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About Deviant Tracy ButlerFemale/United States Groups :iconlackadaisycats: LackadaisyCats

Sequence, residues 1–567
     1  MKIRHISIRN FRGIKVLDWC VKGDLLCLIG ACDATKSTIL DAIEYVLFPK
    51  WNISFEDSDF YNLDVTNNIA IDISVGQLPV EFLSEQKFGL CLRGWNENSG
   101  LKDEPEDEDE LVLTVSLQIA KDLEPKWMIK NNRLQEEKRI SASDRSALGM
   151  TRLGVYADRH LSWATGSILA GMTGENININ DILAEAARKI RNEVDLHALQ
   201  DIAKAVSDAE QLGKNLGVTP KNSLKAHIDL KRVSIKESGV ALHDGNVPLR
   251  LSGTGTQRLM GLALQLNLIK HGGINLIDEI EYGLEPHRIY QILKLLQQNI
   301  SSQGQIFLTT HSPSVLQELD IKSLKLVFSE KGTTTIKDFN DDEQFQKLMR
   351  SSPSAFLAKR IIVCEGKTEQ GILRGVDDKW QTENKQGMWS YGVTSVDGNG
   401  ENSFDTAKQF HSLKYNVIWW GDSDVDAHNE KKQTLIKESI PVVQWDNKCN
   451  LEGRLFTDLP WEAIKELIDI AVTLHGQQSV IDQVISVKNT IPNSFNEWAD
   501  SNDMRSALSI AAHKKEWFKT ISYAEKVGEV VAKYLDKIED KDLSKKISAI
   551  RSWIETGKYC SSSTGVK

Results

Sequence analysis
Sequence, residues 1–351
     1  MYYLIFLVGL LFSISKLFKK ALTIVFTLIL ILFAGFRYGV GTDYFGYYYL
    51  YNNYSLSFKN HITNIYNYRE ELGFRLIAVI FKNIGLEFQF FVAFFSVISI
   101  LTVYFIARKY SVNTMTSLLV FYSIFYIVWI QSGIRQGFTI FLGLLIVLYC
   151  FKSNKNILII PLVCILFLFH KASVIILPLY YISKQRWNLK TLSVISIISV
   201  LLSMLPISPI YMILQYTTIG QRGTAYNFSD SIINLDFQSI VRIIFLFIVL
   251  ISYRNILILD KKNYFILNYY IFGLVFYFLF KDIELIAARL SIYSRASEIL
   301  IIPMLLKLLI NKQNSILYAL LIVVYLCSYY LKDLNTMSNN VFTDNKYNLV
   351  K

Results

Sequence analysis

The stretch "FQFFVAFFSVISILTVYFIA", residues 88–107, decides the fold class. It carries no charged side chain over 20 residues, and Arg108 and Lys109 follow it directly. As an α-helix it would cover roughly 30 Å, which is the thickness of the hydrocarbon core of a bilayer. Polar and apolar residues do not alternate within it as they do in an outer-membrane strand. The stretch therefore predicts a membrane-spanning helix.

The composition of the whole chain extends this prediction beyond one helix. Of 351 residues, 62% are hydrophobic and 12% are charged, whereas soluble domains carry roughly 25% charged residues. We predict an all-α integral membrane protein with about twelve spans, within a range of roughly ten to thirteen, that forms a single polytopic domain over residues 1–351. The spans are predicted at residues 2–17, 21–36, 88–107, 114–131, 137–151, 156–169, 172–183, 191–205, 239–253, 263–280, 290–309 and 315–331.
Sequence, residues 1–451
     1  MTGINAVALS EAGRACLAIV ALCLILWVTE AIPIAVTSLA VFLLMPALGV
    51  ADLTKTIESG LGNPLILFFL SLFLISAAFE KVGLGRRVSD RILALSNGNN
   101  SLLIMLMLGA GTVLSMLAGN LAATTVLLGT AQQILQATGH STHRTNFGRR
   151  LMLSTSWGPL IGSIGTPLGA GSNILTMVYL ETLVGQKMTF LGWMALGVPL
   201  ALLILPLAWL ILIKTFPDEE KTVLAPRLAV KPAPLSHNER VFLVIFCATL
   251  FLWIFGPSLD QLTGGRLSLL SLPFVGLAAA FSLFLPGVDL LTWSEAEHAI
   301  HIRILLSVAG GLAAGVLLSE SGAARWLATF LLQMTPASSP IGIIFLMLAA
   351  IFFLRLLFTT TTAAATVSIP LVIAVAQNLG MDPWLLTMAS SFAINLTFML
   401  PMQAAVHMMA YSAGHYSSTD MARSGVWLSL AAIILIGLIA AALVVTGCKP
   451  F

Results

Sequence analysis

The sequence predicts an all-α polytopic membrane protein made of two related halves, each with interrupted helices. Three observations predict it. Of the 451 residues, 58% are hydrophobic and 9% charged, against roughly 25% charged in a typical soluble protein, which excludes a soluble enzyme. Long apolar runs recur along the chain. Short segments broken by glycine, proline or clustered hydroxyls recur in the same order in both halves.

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Lackadaisy Switchback by tracyjb Lackadaisy Switchback :icontracyjb:tracyjb 1,058 78 Lackadaisy Noir by tracyjb Lackadaisy Noir :icontracyjb:tracyjb 2,571 86 Lackadaisy Look-see by tracyjb Lackadaisy Look-see :icontracyjb:tracyjb 1,078 75 Lackadaisy Dream-diary by tracyjb Lackadaisy Dream-diary :icontracyjb:tracyjb 1,708 161 Lackadaisy Heebie-jeebies by tracyjb Lackadaisy Heebie-jeebies :icontracyjb:tracyjb 1,239 72 Lackadaisy Catapult by tracyjb Lackadaisy Catapult :icontracyjb:tracyjb 3,309 138 Lackadaisy Liaison by tracyjb Lackadaisy Liaison :icontracyjb:tracyjb 2,228 227 Lackadaisy Winterling by tracyjb Lackadaisy Winterling :icontracyjb:tracyjb 3,569 106 Lackadaisy Farce Awakens by tracyjb Lackadaisy Farce Awakens :icontracyjb:tracyjb 5,416 262 Lackadaisy Fordor by tracyjb Lackadaisy Fordor :icontracyjb:tracyjb 3,381 107 Lackadaisy Calculation by tracyjb Lackadaisy Calculation :icontracyjb:tracyjb 3,962 91 Lackadaisy Jazzwitch by tracyjb Lackadaisy Jazzwitch :icontracyjb:tracyjb 4,287 102 Lackadaisy Doggerel by tracyjb Lackadaisy Doggerel :icontracyjb:tracyjb 1,550 117 Lackadaisy Lucidity by tracyjb Lackadaisy Lucidity :icontracyjb:tracyjb 3,323 92 Lackadaisy Morphia by tracyjb Lackadaisy Morphia :icontracyjb:tracyjb 2,874 139 Lackadaisy Civility by tracyjb Lackadaisy Civility :icontracyjb:tracyjb 1,260 67